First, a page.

I'm as happy as anyone that he's been able to dodge bullets for 21 innings, but the way he's pitching, he's going to get the Sonny Corleone tollbooth treatment sooner rather than later. And when Willie has to run out to the mound to get him, and wails with tears in his eyes "Look what they did to my boy!", let it never be said that I didn't try to warn him.

Carlos Delgado continues to do it, but the Mets offense once again failed to put any crooked numbers on the board. It's not like Woody Williams is quite in that Hudson-Peavy class either, but I'm not going to worry about the offense just yet.

Although Chad Bradford ended up taking the collar, both bullpens put up incredible combined lines last night:

SD: 6 IP, 3 H, 0 R, 0 BB, 7 K
NY: 8 IP, 7 H, 1 R, 2 BB, 10 K

How much fun was it to watch Cliff Floyd swipe second off Mike Piazza? It's the little things, really. After so many years of watching teams exploit Mike like an 11 year-old Malaysian seamstress, it was nice to be wearing the Nikes for once.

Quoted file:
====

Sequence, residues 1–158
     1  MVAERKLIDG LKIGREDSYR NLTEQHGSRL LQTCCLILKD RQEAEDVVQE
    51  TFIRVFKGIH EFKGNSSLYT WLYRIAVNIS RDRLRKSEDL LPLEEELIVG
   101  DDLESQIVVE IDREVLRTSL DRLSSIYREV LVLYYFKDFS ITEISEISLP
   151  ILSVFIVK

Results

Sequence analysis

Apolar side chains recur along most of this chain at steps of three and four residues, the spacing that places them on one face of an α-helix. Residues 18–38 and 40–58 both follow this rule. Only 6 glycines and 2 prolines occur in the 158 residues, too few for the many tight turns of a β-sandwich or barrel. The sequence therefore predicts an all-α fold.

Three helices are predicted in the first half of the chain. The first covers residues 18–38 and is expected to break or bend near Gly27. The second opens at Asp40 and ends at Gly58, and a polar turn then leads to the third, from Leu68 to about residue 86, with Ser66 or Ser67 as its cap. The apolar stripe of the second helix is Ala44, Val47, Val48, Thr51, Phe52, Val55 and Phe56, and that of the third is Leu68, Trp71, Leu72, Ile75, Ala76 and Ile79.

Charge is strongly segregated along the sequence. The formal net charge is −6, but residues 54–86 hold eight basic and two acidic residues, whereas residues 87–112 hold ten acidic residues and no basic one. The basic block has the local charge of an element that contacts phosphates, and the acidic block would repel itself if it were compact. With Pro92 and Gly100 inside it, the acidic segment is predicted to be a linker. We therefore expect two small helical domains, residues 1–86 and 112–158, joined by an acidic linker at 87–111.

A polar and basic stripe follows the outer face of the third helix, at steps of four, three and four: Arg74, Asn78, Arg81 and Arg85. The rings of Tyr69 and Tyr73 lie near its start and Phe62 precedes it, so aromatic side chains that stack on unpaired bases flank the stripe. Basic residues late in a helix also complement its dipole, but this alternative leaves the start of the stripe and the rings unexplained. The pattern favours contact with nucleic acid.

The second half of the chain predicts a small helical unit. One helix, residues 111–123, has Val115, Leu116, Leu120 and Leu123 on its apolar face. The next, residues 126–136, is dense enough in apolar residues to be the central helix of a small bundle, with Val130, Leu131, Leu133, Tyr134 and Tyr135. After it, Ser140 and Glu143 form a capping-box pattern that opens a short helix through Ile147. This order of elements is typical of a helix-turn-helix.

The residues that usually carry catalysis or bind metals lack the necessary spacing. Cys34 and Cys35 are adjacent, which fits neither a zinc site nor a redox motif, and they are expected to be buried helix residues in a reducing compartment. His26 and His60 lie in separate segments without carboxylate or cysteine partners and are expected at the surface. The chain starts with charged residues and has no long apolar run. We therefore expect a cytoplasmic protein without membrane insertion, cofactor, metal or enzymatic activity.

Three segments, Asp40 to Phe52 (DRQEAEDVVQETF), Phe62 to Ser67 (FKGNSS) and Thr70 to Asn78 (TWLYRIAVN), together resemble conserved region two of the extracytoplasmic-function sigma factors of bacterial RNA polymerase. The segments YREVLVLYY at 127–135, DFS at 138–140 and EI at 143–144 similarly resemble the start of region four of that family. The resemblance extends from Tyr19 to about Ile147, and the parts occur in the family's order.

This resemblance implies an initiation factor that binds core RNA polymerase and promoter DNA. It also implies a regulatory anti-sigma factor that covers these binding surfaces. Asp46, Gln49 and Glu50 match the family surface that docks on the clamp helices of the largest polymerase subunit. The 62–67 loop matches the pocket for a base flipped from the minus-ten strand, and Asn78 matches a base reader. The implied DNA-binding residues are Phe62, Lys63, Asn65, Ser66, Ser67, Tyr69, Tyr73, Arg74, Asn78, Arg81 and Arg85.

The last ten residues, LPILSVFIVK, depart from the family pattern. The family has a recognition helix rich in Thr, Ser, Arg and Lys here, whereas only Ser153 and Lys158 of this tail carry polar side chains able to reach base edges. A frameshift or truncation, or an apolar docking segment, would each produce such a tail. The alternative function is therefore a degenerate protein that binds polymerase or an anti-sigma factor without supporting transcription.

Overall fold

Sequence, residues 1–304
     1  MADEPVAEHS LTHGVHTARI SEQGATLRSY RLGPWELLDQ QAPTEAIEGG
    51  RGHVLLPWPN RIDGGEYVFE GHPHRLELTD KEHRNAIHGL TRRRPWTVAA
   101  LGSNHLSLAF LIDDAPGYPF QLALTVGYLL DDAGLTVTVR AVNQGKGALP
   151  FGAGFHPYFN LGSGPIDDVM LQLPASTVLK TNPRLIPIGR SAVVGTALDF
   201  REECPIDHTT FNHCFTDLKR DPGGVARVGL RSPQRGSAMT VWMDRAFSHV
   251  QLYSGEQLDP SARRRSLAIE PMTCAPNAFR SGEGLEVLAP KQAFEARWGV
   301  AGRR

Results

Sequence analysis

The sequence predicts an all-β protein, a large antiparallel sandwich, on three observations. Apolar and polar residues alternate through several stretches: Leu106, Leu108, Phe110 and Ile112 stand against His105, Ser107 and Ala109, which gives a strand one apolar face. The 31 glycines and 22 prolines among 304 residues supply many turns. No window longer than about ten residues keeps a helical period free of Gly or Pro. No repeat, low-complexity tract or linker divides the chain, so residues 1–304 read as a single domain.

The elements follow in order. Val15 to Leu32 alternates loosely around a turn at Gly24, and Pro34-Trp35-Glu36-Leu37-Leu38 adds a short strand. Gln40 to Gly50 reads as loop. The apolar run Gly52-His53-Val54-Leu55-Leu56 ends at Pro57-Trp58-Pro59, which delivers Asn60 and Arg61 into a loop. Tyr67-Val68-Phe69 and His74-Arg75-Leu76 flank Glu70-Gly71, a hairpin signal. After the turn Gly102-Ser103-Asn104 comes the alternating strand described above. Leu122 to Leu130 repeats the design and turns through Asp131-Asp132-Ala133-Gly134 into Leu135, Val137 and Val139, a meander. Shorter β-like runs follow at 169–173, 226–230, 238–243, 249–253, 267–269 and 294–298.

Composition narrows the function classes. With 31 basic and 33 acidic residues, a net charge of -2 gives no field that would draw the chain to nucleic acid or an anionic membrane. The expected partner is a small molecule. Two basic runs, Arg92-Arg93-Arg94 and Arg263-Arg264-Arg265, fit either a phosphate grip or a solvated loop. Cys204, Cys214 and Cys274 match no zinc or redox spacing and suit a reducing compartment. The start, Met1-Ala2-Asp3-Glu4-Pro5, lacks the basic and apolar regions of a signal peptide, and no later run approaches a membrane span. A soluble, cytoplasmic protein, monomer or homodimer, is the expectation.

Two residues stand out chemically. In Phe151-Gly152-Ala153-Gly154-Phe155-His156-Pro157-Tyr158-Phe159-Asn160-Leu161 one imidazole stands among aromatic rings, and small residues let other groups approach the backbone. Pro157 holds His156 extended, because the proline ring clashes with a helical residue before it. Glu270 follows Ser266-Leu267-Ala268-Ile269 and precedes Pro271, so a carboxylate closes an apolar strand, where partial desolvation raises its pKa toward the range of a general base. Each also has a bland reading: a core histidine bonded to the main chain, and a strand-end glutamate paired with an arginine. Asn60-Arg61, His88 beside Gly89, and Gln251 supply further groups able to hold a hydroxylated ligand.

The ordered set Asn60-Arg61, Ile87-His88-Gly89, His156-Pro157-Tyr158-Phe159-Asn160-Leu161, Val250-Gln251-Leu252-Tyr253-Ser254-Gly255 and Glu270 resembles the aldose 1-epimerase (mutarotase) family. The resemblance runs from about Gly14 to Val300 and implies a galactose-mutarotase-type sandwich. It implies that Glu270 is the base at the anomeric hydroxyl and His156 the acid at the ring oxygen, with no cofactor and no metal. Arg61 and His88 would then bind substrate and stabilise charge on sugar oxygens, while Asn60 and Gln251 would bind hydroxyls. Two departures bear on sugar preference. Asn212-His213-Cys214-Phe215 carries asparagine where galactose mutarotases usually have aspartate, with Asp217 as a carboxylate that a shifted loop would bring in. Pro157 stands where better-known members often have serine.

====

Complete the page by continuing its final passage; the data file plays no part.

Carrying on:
Elsewhere in the division, Alfonso Soriano tagged three home runs and a double to pretty much singlehandedly beat the Braves. I had expected his offensive numbers to suffer dramatically in RFK, but apparently he can clear those fences, too. Meanwhile John Lieber took his 4th loss of the season f0r the Phils despite pitching very well.

Tonight Pedro Martinez faces former/escaped Texas Ranger Chris Young. At some point you would think the string of pitchers' duels would have to end, but this is a much stronger matchup than last night's. And given the aforementioned reliever contributions, I think both managers would like to see their guys make it at least into the seventh.

Friday, April 21, 2006

Mets win on Franco's record-setting HR

This is going to be a recurring theme this season: I can't stay up late enough to watch the end of west coast games. Last year that was not a problem, I was practically nocturnal, but these days I actually have to wake up early in the morning and occasionally that will prevent me from witnessing history.